__.x = 42
Too much line-noise, so too Perlish. :-)
I don't like to use a mysterious symbol like __ for a common thing like a global variable. I also don't think I want global variable assignments to look like attribute assignments.
Go easy on me for piping up here, but aren't they attribute assignments or at least used as such? After reading the other posts in this thread I wonder if it would be helpful to have more information on how "global" is used in practice (and maybe some of those practices will be deemed bad, who knows).
From my (a user of Python) perspective, "global" has two uses:
1) Attaching objects to the module, so that other modules do a module.name to get at the object 2) Putting objects in some namespace visible to the rest of the module.
Now whether or not #1 is "good" or "bad" - I don't know, but it sure looks like attribute assignment to me. Again, please regard this as just feedback from a user, but especially outside of the module it looks and acts like attribute assignment, I would expect the same to be true inside the module, and any distinction would seem arbitrary or artificial (consider, for example, that it is not an uncommon practice to write a module instead of a class if the class would be a singleton).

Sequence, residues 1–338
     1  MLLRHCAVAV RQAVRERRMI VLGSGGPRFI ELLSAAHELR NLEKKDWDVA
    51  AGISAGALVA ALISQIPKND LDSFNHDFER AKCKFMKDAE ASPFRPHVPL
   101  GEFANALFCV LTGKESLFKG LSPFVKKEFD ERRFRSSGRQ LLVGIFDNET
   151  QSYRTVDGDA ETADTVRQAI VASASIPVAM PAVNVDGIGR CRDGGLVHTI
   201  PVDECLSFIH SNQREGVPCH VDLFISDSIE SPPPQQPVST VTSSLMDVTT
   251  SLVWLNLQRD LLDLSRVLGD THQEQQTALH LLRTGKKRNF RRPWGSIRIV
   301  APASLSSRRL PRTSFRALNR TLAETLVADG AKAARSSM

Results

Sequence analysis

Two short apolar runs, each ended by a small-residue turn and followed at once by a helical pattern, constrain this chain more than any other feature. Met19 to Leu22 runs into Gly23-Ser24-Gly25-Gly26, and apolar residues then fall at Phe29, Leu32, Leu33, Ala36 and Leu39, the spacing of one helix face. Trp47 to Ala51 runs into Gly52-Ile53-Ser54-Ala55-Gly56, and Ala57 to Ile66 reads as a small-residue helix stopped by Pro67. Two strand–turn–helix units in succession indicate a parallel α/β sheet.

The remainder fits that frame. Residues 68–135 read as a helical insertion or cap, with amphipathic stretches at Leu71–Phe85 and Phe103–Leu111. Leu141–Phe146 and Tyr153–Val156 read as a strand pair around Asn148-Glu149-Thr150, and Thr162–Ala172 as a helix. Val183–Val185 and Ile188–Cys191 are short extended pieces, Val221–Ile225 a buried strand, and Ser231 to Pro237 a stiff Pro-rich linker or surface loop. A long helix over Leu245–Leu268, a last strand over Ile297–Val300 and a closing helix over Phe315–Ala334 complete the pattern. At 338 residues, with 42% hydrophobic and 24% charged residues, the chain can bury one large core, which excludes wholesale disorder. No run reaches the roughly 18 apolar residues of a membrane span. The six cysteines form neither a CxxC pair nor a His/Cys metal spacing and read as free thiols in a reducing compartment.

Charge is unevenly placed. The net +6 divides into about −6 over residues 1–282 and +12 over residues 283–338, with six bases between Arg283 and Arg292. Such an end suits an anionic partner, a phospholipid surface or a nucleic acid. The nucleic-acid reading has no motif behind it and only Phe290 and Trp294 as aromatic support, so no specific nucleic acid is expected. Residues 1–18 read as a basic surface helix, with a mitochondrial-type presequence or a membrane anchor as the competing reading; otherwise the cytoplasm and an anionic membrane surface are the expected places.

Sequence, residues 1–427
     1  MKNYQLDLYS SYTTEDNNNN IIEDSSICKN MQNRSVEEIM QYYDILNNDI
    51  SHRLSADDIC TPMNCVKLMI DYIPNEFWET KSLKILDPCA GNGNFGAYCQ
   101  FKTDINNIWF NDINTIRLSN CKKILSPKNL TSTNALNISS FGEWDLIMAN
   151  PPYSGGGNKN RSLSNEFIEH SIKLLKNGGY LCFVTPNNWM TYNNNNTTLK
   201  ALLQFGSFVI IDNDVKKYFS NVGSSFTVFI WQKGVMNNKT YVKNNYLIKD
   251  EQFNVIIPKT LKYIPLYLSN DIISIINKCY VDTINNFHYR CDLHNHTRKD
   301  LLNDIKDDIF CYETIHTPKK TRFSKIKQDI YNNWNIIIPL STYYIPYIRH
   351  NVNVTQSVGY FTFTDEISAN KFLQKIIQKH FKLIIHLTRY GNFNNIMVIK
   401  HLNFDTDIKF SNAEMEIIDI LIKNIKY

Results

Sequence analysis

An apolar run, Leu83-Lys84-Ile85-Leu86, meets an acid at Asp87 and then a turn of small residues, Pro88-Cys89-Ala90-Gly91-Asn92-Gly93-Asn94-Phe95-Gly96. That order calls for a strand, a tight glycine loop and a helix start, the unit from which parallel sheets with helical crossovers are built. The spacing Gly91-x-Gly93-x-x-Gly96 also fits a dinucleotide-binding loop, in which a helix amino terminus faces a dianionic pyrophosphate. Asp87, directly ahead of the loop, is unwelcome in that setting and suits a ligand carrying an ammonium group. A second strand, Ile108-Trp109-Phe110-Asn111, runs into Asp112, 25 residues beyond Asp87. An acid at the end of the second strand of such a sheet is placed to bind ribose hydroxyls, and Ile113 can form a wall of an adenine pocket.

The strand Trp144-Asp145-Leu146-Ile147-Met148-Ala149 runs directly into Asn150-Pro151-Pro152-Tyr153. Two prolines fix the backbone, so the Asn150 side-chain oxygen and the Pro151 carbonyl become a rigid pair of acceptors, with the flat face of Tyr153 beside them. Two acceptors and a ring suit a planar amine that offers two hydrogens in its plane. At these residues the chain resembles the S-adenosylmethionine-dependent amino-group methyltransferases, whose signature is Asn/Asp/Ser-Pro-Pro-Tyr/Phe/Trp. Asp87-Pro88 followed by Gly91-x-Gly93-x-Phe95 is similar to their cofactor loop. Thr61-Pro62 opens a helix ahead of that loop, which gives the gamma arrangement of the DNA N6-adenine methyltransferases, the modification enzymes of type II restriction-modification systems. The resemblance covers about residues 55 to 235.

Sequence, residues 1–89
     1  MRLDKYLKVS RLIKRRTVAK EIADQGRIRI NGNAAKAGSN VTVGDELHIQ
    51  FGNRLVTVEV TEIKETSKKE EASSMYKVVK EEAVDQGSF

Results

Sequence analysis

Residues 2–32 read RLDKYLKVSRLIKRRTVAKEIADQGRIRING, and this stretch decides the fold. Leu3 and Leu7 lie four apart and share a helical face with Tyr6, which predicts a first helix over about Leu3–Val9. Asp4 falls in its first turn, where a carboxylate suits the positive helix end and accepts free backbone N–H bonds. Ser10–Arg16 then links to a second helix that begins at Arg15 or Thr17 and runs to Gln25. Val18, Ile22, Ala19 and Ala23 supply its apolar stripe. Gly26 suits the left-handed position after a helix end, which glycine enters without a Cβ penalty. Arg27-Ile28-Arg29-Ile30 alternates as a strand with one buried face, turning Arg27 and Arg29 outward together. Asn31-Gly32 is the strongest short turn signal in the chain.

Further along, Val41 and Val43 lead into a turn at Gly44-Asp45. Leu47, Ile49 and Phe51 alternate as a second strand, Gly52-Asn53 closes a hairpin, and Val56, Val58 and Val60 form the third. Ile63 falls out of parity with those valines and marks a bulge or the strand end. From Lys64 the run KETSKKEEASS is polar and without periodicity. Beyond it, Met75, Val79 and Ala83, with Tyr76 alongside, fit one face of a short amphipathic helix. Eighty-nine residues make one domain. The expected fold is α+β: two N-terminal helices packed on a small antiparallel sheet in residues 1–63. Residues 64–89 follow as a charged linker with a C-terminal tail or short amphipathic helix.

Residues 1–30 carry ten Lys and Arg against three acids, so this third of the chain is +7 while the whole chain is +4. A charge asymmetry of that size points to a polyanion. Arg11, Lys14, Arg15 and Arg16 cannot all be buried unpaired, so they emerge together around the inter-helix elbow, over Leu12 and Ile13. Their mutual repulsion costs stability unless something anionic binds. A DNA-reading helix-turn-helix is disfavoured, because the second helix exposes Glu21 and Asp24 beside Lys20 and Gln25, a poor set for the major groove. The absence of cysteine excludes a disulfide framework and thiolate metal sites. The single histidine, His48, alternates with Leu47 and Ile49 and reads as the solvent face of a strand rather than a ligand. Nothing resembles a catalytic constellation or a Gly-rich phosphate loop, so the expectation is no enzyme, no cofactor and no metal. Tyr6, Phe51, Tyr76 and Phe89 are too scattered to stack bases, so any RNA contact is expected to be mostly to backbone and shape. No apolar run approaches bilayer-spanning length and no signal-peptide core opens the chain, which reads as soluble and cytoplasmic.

As for #2, I personally don't use global at all because it just rubs me the wrong way (the same way it would if you removed "self." in a method and made bind-to-instance implicit like in C++). Instead, many of my modules have this at the top:
class GV: someVar1 = None someVar2 = 5
(where GV = "global variables")
I felt _really_ guilty doing this the first few times and I continue to thing it's yucky, but I don't know of a better alternative, and this approach reads better, especially compared to:
global foo <more than a few lines of code> foo = 10
Seeing GV.foo = 10 adds a lot to readability.
From this user's perspective, both problems #1 and #2 would be solved by an
object named "module" that refers to this module (but please don't name it "global" or "globals" - that word has a different expected meaning).
Shutting up, -Dave